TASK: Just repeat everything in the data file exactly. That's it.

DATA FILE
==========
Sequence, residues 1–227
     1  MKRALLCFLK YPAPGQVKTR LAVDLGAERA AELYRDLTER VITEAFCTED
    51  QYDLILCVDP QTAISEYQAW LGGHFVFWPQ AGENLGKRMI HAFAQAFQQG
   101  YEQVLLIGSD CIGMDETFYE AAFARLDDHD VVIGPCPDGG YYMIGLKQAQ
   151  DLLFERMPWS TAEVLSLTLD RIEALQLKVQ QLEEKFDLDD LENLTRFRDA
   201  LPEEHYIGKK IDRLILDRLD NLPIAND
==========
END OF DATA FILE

Sequence, residues 1–227
     1  MKRALLCFLK YPAPGQVKTR LAVDLGAERA AELYRDLTER VITEAFCTED
    51  QYDLILCVDP QTAISEYQAW LGGHFVFWPQ AGENLGKRMI HAFAQAFQQG
   101  YEQVLLIGSD CIGMDETFYE AAFARLDDHD VVIGPCPDGG YYMIGLKQAQ
   151  DLLFERMPWS TAEVLSLTLD RIEALQLKVQ QLEEKFDLDD LENLTRFRDA
   201  LPEEHYIGKK IDRLILDRLD NLPIAND